Ways Of Valorizing The Public Engagement In Responsible Research And Innovation

Abstract

In the last period, it was noticed a clear trend in the scientific research, which is oriented on the promotion of responsible research and innovation. Thus, we have identified a growing concern in many countries for: conducting research and innovation based on ethical principles, facilitating the public / open access to results of the research, developing connections between research, education and society etc. As such, the public commitment assumed by those research and innovation activities implies researchers who are concerned to promote their work and results to facilitate the understanding and internalizing of the produced results by the societal actors. In this respect, the paper intends to analyse the public perceptions regarding the ways of its engaging in responsible research and innovation activities. For reaching this purpose, it was designed a questionnaire with ten items, which was administered to a part of the participants in a major event - the European Researcher’s Night - organized in the last Friday of September, in 2016. The questions targeted to a number of issues such as: ways of public involvement in research, methods to enhance the attractiveness of scientific research to the general public, effectiveness of current methods in order to raise the public engagement in research activities.

Keywords: Public engagementresponsible research and innovationresearch activitiesEuropean Researcher’s NightIRRESISTIBLE Project

Introduction

According to the European Charter for Researchers ( 2005) , the public engagement refers to the fact that researchers should ensure that their research activities are known to society, in such way that are understood by general public (non-specialists), thereby being improved the public understanding of Science.

At the same time, in various European Union bodies, it is foreshadowed the idea that research should be based both on academic integrity and proper social reaction. As such, the researchers’ intellectual freedom and the social responsibility represent the core values of scientific research, which must be respected and promoted consistently. Those two values should be mutually supportive, in the scientific research and educational systems, with regard of formal, non-formal and informal educational settings, trying to underline specific contexts of contemporary society.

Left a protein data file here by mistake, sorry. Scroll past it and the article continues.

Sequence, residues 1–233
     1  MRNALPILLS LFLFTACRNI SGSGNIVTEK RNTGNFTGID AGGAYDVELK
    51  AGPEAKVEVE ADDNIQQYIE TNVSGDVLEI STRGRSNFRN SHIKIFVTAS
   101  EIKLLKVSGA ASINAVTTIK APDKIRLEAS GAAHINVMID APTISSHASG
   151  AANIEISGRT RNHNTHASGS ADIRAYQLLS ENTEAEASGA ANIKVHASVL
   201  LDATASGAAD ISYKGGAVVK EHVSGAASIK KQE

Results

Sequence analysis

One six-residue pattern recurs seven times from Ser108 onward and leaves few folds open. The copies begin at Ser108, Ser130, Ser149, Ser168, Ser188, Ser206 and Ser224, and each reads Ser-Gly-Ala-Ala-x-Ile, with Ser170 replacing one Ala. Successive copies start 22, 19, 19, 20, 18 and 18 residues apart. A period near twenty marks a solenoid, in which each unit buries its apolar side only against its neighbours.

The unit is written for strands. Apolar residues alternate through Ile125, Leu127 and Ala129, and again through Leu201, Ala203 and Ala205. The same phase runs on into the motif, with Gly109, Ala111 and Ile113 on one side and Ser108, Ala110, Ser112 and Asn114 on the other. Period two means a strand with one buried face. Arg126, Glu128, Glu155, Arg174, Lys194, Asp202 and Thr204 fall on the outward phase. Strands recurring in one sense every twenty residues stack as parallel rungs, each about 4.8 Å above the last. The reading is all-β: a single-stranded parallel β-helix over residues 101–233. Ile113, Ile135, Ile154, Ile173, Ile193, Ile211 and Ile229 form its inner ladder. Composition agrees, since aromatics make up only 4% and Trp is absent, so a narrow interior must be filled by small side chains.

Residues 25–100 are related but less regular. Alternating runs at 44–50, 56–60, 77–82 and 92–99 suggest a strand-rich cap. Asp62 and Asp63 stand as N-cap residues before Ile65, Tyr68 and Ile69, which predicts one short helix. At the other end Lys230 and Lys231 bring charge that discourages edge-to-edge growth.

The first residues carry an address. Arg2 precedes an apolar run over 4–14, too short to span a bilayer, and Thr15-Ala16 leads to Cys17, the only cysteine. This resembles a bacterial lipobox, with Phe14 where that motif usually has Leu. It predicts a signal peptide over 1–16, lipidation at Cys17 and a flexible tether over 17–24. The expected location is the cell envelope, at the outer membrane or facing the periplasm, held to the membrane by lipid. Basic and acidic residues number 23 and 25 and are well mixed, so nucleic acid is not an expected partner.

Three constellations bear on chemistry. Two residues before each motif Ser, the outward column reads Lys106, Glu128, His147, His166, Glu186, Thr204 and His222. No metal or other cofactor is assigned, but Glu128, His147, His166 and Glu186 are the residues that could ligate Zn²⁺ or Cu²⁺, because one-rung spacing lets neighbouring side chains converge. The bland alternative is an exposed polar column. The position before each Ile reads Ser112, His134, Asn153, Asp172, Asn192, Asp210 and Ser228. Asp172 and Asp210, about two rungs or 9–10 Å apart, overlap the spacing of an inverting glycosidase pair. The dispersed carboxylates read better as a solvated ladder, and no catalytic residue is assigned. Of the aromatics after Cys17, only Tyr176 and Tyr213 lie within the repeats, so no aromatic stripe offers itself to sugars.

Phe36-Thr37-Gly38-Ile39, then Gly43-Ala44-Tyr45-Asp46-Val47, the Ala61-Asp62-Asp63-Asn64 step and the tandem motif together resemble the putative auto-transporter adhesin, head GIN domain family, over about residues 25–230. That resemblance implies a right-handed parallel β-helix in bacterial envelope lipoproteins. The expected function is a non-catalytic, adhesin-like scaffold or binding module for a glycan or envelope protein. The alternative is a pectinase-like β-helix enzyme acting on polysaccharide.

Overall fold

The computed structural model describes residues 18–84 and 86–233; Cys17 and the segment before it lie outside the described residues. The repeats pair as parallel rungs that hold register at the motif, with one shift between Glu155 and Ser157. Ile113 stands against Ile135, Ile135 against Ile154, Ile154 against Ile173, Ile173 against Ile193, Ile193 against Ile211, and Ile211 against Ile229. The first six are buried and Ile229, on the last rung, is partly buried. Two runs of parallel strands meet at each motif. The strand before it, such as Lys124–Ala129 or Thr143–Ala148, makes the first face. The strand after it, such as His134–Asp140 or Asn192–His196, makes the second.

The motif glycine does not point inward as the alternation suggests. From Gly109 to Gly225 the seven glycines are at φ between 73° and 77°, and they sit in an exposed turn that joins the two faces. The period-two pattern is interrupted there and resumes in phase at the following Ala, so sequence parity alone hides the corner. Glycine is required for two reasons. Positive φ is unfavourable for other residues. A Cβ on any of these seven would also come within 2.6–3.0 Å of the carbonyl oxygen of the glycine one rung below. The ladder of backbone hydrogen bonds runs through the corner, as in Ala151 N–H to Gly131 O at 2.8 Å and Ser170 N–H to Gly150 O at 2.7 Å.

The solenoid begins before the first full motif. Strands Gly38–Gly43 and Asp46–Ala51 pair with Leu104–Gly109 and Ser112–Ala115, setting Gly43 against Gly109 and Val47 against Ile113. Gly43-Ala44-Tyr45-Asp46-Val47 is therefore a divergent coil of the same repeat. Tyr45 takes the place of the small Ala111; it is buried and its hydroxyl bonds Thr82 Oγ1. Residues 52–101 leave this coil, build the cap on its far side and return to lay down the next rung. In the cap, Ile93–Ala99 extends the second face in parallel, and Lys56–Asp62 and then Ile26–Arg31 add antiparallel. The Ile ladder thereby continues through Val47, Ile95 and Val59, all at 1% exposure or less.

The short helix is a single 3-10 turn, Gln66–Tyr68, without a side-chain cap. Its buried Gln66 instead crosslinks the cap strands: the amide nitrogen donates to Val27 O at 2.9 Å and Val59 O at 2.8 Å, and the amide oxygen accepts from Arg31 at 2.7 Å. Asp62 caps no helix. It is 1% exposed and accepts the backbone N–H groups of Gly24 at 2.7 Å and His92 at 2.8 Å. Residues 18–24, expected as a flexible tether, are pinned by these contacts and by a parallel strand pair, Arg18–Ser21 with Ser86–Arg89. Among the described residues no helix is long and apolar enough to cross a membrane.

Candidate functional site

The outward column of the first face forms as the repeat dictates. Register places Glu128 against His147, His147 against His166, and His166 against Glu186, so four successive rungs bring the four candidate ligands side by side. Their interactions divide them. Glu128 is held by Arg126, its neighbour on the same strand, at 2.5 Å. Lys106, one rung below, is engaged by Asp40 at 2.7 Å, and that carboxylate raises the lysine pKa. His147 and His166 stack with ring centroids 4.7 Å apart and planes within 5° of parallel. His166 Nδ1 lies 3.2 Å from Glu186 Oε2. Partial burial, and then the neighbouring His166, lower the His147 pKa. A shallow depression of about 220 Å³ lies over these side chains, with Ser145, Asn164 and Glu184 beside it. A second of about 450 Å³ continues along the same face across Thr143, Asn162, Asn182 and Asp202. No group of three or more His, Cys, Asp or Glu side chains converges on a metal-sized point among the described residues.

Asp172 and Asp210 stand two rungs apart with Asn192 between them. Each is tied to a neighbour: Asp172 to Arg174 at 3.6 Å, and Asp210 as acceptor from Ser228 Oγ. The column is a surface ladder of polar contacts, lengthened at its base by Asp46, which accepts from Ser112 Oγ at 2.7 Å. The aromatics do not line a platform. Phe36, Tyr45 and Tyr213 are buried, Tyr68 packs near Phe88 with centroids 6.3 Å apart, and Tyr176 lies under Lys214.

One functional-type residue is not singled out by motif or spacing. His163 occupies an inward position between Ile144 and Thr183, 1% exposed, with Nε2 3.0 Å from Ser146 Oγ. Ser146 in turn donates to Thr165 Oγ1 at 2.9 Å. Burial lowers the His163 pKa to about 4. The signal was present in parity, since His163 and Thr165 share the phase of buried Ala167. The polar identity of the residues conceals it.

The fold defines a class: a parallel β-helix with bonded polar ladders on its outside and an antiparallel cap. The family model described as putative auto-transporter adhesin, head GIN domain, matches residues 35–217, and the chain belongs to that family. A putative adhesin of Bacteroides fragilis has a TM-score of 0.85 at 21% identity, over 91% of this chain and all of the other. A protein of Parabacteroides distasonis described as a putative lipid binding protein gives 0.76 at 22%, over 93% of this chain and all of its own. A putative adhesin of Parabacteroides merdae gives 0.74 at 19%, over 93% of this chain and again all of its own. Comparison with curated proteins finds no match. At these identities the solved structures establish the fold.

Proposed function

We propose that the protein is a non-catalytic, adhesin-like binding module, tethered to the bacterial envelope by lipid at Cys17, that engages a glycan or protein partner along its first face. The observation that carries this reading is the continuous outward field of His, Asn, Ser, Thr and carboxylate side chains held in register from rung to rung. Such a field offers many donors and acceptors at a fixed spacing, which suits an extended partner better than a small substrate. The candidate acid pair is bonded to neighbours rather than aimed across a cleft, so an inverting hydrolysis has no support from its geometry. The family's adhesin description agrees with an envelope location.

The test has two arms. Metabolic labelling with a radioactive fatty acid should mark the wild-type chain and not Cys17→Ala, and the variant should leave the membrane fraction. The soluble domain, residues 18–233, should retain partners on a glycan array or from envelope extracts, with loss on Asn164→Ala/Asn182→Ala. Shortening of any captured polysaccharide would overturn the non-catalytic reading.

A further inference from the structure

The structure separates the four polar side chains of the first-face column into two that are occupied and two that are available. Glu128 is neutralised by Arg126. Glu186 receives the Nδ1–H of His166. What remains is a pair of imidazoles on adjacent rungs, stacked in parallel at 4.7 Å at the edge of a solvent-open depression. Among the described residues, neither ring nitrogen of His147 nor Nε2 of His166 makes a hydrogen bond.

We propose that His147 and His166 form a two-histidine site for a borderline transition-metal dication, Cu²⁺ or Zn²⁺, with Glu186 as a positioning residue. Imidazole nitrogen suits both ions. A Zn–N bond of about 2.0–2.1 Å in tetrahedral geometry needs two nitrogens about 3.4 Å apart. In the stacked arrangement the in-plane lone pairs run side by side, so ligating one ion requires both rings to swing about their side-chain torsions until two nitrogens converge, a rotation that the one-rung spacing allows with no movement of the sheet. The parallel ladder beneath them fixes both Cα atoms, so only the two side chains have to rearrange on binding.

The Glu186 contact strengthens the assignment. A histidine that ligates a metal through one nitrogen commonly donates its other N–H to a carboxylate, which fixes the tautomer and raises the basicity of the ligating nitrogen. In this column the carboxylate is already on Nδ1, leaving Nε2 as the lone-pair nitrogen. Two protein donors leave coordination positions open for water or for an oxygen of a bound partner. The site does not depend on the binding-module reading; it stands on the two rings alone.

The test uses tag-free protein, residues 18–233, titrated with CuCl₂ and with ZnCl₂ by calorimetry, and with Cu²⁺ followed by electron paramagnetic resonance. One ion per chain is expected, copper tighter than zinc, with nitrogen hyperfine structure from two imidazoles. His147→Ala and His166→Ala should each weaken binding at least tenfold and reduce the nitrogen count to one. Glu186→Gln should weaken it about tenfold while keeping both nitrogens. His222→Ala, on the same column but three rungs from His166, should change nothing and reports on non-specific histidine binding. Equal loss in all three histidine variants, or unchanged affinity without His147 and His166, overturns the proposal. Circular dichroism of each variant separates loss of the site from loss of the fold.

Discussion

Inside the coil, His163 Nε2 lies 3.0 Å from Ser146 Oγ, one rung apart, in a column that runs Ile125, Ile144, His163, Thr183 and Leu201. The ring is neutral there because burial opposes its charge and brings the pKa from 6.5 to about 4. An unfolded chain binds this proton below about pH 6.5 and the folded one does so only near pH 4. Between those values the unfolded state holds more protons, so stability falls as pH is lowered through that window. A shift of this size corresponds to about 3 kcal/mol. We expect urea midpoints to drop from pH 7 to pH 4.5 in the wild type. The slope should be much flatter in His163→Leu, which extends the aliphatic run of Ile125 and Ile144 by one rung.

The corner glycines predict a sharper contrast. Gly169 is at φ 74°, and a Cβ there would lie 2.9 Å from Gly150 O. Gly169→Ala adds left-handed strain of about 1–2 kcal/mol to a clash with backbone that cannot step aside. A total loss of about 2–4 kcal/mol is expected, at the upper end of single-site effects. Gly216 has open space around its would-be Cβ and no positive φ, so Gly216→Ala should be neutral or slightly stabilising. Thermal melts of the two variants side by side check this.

The researchers, whether they are coming from universities or research institutes, from the economic environment or industry, have to assume moral responsibility for the research and especially for its results. Research and innovation should be responsible in relation to society, the environment and humans. As such, a solid connection should be made at the level of social practices, between the principles of responsible research and innovation: engagement, gender equality, science education, accessibility, ethics, governance and sustainability.

Problem Statement

The public engagement in Responsible Research and Innovation ( RRI ) is related to design a future with people and civil organizations, also gathering various societal actors that would not normally connect each other, in the science and technology area (European Commission, 2005). At the same time, there are several benefits that public engagement brings onward, as they are proposed to be implemented in Horizon 2020 programme (European Commission, 2016):

- contributes to constructing of a more scientifically literate society which is able to participate actively in / and support democratic processes, and science and technology developments;

- infuse differing perspectives and creativity in research design and results;

- grants to fostering more societally relevant and desirable research and innovation outcomes to help us tackle societal challenges.

Public engagement implies a dialogue between researchers, policy makers, industry and civil society organisations, NGOs, and citizens, it fosters mutual understanding and co-create research and innovation outcomes and policy agendas effective in tackling societal challenges, and fosters also wider acceptability of results.

Research Questions

Taking into account the importance that public engagement has for a transparency research and innovation process in the actual society, it is normal to raise questions that target to a number of specific issues such as:

  • what are the proper ways to involve the public in research activities?

  • what are the suitable methods to enhance the attractiveness of scientific research to the general public?

  • what are the effectiveness of current methods in order to raise the public engagement in research activities?

Purpose of the Study